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Targeted knockout of GABA-A receptor gamma 2 subunit provokes transient light-induced reflex seizures in zebrafish larvae

Research output: Contribution to journalArticle

Meijiang Liao, Uday Kundap, Richard E. Rosch, Dominic R.W. Burrows, Martin P. Meyer, Bouchra Ouled Amar Bencheikh, Patrick Cossette, Éric Samarut

Original languageEnglish
Article numberdmm.040782
JournalDisease Models & Mechanisms
Volume12
Issue number11
Early online date3 Oct 2019
DOIs
Publication statusPublished - 11 Nov 2019

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© 2019. Published by The Company of Biologists Ltd.

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Abstract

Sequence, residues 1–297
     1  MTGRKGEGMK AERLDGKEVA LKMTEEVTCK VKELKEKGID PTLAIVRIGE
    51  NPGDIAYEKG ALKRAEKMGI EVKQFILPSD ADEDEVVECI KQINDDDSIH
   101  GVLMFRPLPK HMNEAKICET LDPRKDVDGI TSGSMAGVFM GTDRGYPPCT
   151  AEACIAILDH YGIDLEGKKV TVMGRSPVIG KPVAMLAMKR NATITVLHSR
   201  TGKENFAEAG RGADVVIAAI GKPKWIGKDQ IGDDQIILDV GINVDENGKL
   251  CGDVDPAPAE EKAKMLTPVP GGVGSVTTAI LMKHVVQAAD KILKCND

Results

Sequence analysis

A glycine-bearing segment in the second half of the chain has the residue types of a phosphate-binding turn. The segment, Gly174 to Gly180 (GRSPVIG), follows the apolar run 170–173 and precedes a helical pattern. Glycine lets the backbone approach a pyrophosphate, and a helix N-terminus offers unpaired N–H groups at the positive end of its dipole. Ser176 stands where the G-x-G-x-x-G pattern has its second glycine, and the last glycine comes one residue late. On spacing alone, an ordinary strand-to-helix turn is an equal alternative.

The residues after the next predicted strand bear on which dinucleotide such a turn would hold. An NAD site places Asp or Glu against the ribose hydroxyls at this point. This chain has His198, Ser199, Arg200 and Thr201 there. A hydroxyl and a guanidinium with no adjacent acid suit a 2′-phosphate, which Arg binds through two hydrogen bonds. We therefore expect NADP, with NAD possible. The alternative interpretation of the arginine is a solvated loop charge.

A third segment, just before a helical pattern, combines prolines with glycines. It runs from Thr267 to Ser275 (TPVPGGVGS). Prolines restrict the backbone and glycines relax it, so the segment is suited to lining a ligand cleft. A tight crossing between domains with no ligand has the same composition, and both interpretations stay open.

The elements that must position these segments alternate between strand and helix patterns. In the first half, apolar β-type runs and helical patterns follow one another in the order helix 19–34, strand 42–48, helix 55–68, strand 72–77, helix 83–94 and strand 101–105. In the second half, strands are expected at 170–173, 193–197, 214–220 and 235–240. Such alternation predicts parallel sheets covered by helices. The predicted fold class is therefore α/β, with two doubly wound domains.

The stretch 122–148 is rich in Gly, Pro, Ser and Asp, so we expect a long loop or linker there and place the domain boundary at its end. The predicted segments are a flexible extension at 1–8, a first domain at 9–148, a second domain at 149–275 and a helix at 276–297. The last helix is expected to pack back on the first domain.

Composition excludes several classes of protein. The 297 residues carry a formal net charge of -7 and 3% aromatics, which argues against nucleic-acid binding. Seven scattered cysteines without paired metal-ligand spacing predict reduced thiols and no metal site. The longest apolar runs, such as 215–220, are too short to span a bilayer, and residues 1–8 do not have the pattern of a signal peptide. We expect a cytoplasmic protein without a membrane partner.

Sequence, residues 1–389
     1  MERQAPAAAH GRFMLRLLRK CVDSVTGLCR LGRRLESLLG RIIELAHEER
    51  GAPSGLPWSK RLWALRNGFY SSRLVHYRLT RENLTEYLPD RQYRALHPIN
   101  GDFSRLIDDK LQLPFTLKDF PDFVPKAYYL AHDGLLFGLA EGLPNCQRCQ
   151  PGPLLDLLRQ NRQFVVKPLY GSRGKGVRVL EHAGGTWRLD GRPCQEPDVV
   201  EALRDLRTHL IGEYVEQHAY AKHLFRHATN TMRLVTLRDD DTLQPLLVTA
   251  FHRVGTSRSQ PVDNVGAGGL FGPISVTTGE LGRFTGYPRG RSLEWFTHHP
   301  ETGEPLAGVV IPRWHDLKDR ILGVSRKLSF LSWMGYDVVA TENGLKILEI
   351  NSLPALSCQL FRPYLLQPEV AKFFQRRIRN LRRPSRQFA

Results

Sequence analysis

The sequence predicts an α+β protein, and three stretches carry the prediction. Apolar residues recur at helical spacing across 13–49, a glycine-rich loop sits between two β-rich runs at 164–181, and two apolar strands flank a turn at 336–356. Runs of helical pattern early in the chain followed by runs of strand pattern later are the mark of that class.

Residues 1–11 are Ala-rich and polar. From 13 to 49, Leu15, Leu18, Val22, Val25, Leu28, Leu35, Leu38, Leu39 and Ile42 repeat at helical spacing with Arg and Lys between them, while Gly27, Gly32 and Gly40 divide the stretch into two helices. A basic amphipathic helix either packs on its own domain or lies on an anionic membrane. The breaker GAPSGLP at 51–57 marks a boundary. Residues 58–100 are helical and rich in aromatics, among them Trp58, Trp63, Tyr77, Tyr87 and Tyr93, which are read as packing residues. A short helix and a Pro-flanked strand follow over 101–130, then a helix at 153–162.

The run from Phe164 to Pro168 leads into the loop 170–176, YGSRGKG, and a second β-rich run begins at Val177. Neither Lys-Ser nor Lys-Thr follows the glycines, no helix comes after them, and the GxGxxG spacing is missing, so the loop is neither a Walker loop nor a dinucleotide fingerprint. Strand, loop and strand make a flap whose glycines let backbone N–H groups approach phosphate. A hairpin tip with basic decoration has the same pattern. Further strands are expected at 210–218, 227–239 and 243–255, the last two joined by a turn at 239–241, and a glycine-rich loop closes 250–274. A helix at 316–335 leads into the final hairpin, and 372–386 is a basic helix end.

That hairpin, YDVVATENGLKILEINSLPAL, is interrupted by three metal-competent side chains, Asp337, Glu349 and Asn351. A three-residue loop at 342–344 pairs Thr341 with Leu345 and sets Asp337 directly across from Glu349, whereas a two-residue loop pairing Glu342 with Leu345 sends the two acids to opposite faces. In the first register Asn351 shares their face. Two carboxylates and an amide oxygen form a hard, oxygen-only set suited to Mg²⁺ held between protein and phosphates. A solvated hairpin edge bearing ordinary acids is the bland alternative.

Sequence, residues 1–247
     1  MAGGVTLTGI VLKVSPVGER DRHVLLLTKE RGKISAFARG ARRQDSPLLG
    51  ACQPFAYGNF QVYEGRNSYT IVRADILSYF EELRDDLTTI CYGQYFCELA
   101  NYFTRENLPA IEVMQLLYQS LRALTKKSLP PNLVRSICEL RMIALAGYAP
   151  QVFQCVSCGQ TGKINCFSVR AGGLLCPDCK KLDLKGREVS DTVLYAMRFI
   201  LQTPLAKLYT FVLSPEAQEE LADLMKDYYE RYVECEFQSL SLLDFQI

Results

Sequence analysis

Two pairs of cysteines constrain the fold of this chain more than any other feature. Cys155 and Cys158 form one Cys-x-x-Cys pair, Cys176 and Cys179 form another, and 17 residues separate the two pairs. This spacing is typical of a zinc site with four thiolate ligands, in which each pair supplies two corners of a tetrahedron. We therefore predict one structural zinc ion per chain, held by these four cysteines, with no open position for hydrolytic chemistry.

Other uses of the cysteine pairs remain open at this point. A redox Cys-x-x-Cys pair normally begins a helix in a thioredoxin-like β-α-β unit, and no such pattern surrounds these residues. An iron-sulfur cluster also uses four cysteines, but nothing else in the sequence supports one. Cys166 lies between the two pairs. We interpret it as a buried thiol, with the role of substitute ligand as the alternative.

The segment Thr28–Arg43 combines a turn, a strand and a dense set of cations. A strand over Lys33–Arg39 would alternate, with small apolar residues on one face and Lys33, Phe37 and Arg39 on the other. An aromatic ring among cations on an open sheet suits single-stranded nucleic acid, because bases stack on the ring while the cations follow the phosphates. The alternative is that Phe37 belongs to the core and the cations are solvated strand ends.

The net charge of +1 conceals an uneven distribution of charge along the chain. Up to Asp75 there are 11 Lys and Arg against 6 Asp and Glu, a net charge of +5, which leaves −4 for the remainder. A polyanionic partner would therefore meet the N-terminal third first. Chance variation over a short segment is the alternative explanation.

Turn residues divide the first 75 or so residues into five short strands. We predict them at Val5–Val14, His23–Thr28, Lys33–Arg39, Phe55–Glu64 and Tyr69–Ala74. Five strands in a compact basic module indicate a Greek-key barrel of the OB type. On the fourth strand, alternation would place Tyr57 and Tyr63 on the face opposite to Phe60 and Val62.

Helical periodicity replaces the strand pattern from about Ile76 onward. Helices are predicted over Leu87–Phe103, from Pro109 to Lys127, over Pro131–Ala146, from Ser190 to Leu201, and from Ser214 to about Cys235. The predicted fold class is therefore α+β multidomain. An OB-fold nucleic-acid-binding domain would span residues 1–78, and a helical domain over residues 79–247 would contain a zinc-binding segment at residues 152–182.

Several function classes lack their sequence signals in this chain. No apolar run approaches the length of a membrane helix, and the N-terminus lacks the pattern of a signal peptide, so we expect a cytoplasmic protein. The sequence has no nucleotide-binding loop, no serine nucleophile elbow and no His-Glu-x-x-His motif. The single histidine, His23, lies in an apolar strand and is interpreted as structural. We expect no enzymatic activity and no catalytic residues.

Epilepsy is a common primary neurological disorder characterized by the chronic tendency of a patient to experience epileptic seizures, which are abnormal body movements or cognitive states that result from excessive, hypersynchronous brain activity. Epilepsy has been found to have numerous etiologies and, although about two-thirds of epilepsies were classically considered idiopathic, the majority of those are now believed to be of genetic origin. Mutations in genes involved in gamma-aminobutyric acid (GABA)-mediated inhibitory neurotransmission have been associated with a broad range of epilepsy syndromes. Mutations in the GABA-A receptor gamma 2 subunit gene (GABRG2), for example, have been associated with absence epilepsy and febrile seizures in humans. Several rodent models of GABRG2 loss of function depict clinical features of the disease; however, alternative genetic models more amenable for the study of ictogenesis and for high-throughput screening purposes are still needed. In this context, we generated a gabrg2 knockout (KO) zebrafish model (which we called R23X) that displayed light/dark-induced reflex seizures. Through high-resolution in vivo calcium imaging of the brain, we showed that this phenotype is associated with widespread increases in neuronal activity that can be effectively alleviated by the anti-epileptic drug valproic acid. Moreover, these seizures only occur at the larval stages but disappear after 1 week of age. Interestingly, our whole-transcriptome analysis showed that gabrg2 KO does not alter the expression of genes in the larval brain. As a result, the gabrg2-/- zebrafish is a novel in vivo genetic model of early epilepsies that opens new doors to investigate ictogenesis and for further drug-screening assays.

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